Product-Led Growth: Beginners

Beginners are activated users who understand how your product can meet their needs and deliver value—and they’re excited about it! They’re eager to learn more and are starting to explore your product’s features and functionality more deeply. 

Beginners are typically:

  • Starting to use real data and receiving tangible value
  • Not using advanced functionality or implementing sophisticated use cases
  • Feeling confident that your product is the best solution to solve their problem

Your Goal

To facilitate product adoption by helping users form habits and getting them to think of your product as the go-to solution for a certain problem or task. 

Product adoption means full buy-in—it’s when a user really understands the power of your product and depends on it regularly. Once they adopt your product, users become regulars.

How to measure success

  • Feature adoption
  • Time to value
  • Free trial conversion (if applicable)
  • Usage and retention (daily, weekly, monthly)

Basic use cases

1. Feature tours

Some features may not be critical during initial onboarding, but are an important part of using your product regularly. Offer a quick opt-in feature tour to users as they explore your product more deeply.

Using a series of action-driven tooltips, create a flow that walks your users through the steps they need to take to successfully use that feature. For better flow completion rates, make sure your feature tour includes 5-7 tooltips.

2. Feature prompts

Nudge users toward the features that will help them be more successful and efficient.

Using Appcues, create a segment of users that are not interacting with the feature in question. Create a tooltip or a slideout for these users that explains why using that feature will help them get more out of your product. Add a CTA to your slideout that triggers a quick walkthrough of the feature. 

3. Gate your free trial (if applicable)

Once a user has reached their free trial or freemium usage limit, gate their continued access by creating an undismissable modal with a CTA to upgrade.

4. Alleviate support burden

Turn your top help articles into in-app guides.

Create walkthroughs based on instructions in your top help articles. Add permalinks of these walkthroughs in your support docs to allow users to help themselves without creating a support ticket.

5. Provide non-intrusive support

Provide on-demand, contextual help to your users by placing hotspots next to the most critical features of your product. If you are explaining a feature or functionality, we recommend using the question mark (?) symbol to make it more intuitive for your users.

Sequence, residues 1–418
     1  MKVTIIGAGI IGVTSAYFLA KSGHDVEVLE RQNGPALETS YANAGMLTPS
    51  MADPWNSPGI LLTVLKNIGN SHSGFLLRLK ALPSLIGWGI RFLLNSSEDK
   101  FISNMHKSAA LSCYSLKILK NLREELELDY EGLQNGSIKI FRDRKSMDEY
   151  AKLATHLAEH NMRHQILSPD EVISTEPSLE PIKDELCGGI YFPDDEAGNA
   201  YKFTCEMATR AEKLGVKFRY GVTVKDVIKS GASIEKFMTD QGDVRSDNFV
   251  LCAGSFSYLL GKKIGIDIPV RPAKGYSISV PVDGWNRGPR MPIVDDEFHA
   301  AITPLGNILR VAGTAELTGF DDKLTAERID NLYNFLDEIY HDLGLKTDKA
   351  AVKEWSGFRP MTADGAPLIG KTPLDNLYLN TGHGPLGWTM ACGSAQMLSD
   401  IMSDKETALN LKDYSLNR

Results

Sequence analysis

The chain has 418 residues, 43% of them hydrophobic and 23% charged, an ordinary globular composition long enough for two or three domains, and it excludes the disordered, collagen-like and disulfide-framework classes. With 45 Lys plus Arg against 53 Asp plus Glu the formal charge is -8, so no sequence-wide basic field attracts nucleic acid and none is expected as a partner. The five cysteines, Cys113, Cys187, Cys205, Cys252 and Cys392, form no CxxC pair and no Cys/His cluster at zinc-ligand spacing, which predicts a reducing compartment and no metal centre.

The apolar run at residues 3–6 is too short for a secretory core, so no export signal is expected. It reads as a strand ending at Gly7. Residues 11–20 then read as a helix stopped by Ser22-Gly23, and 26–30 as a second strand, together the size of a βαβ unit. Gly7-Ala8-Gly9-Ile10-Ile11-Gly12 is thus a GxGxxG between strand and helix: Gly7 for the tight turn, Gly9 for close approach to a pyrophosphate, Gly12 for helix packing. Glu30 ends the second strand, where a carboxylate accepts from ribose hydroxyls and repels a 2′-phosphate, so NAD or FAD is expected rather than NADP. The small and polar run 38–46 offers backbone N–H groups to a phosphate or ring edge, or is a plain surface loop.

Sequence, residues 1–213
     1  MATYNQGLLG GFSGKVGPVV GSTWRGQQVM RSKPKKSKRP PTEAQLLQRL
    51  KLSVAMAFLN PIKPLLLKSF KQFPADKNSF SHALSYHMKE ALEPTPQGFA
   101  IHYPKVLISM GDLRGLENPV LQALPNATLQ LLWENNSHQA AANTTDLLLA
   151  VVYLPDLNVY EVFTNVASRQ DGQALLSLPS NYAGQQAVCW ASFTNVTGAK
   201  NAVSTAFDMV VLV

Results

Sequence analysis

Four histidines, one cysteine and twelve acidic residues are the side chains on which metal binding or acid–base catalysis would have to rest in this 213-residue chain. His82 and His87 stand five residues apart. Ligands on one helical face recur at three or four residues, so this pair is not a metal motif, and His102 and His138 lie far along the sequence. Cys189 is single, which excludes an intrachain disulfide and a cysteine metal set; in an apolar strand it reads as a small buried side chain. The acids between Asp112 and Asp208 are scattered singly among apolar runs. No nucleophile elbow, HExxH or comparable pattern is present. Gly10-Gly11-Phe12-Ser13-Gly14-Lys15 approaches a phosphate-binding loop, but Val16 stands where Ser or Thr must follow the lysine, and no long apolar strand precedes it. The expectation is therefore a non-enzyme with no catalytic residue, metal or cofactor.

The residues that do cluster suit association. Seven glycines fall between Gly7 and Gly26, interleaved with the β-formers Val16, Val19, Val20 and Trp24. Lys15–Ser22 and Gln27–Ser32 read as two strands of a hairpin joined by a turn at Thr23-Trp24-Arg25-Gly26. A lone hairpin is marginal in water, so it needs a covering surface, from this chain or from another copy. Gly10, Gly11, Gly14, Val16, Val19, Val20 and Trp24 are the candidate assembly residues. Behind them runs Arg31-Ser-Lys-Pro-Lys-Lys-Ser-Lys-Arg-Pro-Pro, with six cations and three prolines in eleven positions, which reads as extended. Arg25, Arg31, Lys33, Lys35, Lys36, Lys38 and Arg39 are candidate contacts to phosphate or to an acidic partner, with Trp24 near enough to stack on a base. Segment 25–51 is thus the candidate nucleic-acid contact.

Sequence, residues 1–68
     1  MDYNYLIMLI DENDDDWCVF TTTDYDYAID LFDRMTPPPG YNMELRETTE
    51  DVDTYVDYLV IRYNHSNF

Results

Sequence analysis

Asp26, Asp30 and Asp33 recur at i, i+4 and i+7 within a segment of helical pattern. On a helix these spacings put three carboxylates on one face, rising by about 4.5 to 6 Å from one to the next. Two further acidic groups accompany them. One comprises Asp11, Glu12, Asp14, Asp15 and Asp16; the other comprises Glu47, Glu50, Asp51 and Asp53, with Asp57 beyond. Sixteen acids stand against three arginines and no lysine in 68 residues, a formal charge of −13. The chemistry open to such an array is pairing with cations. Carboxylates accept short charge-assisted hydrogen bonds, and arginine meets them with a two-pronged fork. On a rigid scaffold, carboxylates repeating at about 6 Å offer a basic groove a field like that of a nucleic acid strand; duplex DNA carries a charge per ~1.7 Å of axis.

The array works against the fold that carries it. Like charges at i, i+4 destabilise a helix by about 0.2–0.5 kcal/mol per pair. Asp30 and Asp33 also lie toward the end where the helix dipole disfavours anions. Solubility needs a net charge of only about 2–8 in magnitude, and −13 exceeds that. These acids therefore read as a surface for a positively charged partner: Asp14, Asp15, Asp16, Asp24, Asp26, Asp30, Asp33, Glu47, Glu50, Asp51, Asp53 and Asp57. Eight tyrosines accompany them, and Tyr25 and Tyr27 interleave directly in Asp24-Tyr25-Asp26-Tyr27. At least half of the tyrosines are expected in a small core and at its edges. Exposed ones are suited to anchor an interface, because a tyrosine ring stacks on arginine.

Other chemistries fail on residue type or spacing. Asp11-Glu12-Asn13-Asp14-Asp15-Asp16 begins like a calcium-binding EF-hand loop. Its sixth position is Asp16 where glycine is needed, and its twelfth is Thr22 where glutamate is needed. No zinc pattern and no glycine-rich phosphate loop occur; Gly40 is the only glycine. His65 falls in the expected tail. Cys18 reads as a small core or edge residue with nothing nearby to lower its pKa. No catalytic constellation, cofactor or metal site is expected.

6. Webinar announcements

At this point, your users have been using your core features on a regular basis. Now is the time to introduce them to more advanced features or functions. 

Take this opportunity to get some face time in with your customers. Organize a webinar that gives an in-depth look at some of the advanced features of your product. Using Appcues, create a slideout to announce the webinar and use the webinar registration page link to create a ‘Register Now’ CTA. 

Advanced use cases

1. Contextual help button 

At some point in the journey, users want to take charge and learn by doing. Providing unsolicited guidance at these stages can be counterproductive. But users shouldn’t be left to fend for themselves when they’re feeling lost, either. Offer unobtrusive support by creating an opt-in help option. 

Create a help button that can be embedded on a page. Use the button to launch a flow that describes how to complete specific action. Use this doc to learn how to create the embeddable button.

2. Encourage users to invite other team members

Having multiple users from a single company reduces the likelihood of churn. At this time, your users have received value from your product. Now is the time to ask them to invite other teammates to your product. 

Create a slideout that asks your users if they want to invite a teammate to your product. Add a form that allows them to enter their teammate’s email address. If you use an email automation tool like Customer.io, have your CTA trigger an automated email to the teammate. Otherwise, you can download a CSV of form responses and send an email to the addresses in the form.